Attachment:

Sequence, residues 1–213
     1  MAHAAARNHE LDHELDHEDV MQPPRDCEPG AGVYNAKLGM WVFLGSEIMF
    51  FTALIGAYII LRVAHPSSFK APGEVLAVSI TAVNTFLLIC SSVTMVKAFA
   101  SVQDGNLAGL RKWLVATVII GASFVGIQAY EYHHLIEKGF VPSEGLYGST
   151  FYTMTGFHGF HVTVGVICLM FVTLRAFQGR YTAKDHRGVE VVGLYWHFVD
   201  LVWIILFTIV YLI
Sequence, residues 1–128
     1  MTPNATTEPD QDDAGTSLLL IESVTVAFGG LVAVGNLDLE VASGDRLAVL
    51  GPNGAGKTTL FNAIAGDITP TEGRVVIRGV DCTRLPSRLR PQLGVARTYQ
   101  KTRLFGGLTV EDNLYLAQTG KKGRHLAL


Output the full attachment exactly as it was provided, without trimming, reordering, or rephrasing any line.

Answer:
Sequence, residues 1–213
     1  MAHAAARNHE LDHELDHEDV MQPPRDCEPG AGVYNAKLGM WVFLGSEIMF
    51  FTALIGAYII LRVAHPSSFK APGEVLAVSI TAVNTFLLIC SSVTMVKAFA
   101  SVQDGNLAGL RKWLVATVII GASFVGIQAY EYHHLIEKGF VPSEGLYGST
   151  FYTMTGFHGF HVTVGVICLM FVTLRAFQGR YTAKDHRGVE VVGLYWHFVD
   201  LVWIILFTIV YLI
Sequence, residues 1–128
     1  MTPNATTEPD QDDAGTSLLL IESVTVAFGG LVAVGNLDLE VASGDRLAVL
    51  GPNGAGKTTL FNAIAGDITP TEGRVVIRGV DCTRLPSRLR PQLGVARTYQ
   101  KTRLFGGLTV EDNLYLAQTG KKGRHLAL